Even a simple PHP script that needs to work with a large data set can quickly run into problems if you don't pay attention to algorithm complexity.Consider this simple script that first creates a dataset of strings "x0", "x2", "x4", "x6" etc. (500000 entries)The task is to count from 0 to a 1000 to see whether the string "x"+NUMBER is present. Using a linear search with array_search() is super slow, but if you switch the storage from array values to array keys, and use a hash lookup via array_key_exists(), suddenly it flies:% time php -dmemory_limit=512M -r '\$entries = array(); for(\$i=0;\$i<1000000;\$i+=2){ \$entries[] = "x".\$i; }; \$hits = 0; for (\$i=0;\$i<1000;\$i++) { if(array_search("x".\$i,\$entries)!==false) \$hits++; } var_dump(\$hits);' int(500) php -dmemory_limit=512M -r 11.25s user 0.09s system 99% cpu 11.362 totalSo, 11.362 seconds for a linear algorithm.% time php -dmemory_limit=512M -r '\$entries = array(); for(\$i=0;\$i<1000000;\$i+=2){ \$entries["x".\$i]=true; }; \$hits = 0; for (\$i=0;\$i<1000;\$i++) { if(array_key_exists("x".\$i,\$entries)) \$hits++; } var_dump(\$hits);' int(500) php -dmemory_limit=512M -r 0.35s user 0.06s system 99% cpu 0.419 totalAnd 0.419 seconds for the hash one.If you increase the workload to counting from 0 to 10000, it gets even worse in the linear case, while the hash key lookup finishes at about the same time as earlier!% time php -dmemory_limit=512M -r '\$entries = array(); for(\$i=0;\$i<1000000;\$i+=2){ \$entries[] = "x".\$i; }; \$hits = 0; for (\$i=0;\$i<10000;\$i++) { if(array_search("x".\$i,\$entries)!==false) \$hits++; } var_dump(\$hits);' int(5000) php -dmemory_limit=512M -r 115.96s user 0.29s system 99% cpu 1:56.52 totalSo, 1 minute 56.52 seconds for a linear algorithm.% time php -dmemory_limit=512M -r '\$entries = array(); for(\$i=0;\$i<1000000;\$i+=2){ \$entries["x".\$i]=true; }; \$hits = 0; for (\$i=0;\$i<10000;\$i++) { if(array_key_exists("x".\$i,\$entries)) \$hits++; } var_dump(\$hits);' int(5000) php -dmemory_limit=512M -r 0.37s user 0.06s system 99% cpu 0.440 totalAnd 0.440 seconds for the hash one.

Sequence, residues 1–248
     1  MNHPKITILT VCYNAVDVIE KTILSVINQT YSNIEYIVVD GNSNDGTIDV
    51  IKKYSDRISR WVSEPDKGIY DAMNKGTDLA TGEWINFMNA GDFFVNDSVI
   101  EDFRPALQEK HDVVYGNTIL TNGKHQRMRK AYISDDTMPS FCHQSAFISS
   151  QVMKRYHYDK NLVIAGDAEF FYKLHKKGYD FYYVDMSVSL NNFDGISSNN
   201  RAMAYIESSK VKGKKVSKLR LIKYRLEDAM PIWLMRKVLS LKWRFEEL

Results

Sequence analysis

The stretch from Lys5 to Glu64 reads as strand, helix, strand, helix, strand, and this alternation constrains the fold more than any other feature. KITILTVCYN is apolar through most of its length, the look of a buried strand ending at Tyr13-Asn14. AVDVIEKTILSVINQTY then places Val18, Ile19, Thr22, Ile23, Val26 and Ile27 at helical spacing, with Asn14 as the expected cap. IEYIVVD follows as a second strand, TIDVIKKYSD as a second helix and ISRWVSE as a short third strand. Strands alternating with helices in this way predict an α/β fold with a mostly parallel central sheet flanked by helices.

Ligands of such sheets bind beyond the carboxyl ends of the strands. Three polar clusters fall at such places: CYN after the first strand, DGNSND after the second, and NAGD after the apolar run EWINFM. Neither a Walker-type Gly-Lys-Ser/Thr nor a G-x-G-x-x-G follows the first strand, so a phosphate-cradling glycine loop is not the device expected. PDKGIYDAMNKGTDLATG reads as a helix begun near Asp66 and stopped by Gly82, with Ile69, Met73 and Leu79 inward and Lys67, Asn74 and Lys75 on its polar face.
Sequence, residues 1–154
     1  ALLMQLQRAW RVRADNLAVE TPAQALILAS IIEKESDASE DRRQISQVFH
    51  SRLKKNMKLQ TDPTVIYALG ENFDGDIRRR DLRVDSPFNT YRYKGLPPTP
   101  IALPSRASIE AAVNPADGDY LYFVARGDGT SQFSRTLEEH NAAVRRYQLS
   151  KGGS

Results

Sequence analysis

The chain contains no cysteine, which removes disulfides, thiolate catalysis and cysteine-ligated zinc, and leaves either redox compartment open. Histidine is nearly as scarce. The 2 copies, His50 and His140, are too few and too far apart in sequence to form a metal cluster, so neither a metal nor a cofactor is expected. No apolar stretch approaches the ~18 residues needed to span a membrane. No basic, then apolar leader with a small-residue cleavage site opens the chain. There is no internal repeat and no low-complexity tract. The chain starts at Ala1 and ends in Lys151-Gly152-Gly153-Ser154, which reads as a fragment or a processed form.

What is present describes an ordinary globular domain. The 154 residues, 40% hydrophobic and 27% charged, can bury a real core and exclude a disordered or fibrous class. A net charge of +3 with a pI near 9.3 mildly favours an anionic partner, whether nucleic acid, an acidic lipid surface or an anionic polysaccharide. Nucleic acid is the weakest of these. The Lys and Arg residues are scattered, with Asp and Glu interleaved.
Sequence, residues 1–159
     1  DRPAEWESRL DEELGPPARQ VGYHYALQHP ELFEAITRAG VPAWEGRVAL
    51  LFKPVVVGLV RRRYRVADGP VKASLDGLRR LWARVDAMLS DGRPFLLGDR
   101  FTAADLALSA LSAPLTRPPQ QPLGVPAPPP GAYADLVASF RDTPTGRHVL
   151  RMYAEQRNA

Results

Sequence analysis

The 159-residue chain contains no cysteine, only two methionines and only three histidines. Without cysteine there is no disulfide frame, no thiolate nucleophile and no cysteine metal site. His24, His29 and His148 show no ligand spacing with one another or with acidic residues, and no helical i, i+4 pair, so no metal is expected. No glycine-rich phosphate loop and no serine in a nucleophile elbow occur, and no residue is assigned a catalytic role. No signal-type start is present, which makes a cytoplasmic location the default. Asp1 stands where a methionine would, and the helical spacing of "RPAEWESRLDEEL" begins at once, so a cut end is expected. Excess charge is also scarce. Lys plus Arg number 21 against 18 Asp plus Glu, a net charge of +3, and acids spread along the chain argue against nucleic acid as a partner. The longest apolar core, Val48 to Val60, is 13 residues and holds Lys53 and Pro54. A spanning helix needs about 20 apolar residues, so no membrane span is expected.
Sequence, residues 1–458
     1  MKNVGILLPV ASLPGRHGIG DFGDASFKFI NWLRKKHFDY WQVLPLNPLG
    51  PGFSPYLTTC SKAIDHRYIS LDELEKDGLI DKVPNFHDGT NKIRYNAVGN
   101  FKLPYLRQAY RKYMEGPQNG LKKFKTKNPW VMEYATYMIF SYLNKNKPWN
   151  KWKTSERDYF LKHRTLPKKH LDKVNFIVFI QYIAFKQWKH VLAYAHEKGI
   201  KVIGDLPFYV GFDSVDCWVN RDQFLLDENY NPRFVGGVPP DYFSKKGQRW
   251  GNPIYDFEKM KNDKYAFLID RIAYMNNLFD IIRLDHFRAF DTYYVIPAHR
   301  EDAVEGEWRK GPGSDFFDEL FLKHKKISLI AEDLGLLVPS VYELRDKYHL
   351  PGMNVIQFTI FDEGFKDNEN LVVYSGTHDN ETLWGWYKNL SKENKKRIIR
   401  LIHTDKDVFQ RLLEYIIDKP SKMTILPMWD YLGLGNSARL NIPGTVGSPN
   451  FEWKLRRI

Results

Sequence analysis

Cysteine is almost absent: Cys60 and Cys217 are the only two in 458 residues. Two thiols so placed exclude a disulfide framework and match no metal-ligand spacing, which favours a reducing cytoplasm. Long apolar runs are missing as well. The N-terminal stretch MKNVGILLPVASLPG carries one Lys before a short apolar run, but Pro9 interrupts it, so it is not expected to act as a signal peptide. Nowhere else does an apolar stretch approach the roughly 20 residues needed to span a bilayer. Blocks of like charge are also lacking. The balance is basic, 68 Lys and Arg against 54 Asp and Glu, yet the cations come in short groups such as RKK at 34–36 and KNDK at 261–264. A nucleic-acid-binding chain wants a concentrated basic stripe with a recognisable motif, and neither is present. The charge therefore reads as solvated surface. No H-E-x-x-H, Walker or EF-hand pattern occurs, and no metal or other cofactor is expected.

keep in mind that since PHP must preallocate the array() to an arbitrary 'sane' size, it has to 'resize' (create a new one, copy it over, point reference, destroy old one) a large number of times here.therefore, most of the time spent here will be malloc'ing (mmap, memcpy). the rest of it will be on executing the php interpreter, compiling the script, and cleanup.the hash search and comparisons are so much faster than those operations (in PHP, especially), this isn't really a valid way to measure your thesis
 > keep in mind that since PHP must preallocate the array() to an arbitrary 'sane' size, it has to 'resize' (create a new one, copy it over, point reference, destroy old one) a large number of times here.Those allocations only happen once in a while (because at each reallication, the size of the array doubles), so the cost is amortized. I think that you only get about lg2(1000) = 10 allocations in total for an array of 1000 elements.
 fair point, but they're rather costly due to the amount of memcpy'ing in my experience..you've probably seen/know this, given that you know PHP internals :), but for others: http://nikic.github.io/2011/12/12/How-big-are-PHP-arrays-rea...
 The initial array creation + startup/parse/compile/teardown should be quite constant between runs (probably most of the 0.4 seconds baseline). I think the 11sec->2min vs 0.41sec->0.44sec time increase illustrates the algorithmic complexity quite well, no?
 I would argue that having a basic Big-O intuition is important for every developer. Regardless of the work you're doing, you want to write efficient code. And you want to know how something scales.I'm also mainly a web developer. In my head, I'm thinking about Big-O a lot - not that I'd go and formally examine every bit of code, but keeping O behavior in mind leads to certain almost subconscious decisions that are going to be good for your software.Being Big-O-aware makes sense especially in web development where latency minimization and stable scaling behavior are important. Keeping Big O in mind influences a lot of choices, from using certain language constructs to the way your database tables are modeled.Thinking about Big O is part of being aware what your code actually does.
 > Thinking about Big O is part of being aware what your code actually does.I don't get this at all. Surely Big-O is an abstract way of describing a property of your code to somebody who doesn't want to read it. If Big-O gives you a better understanding of what your code does than writing it did, that suggests you wrote it by applying some kind of genetic algorithm and you should probably go back and look at it again until you understand it.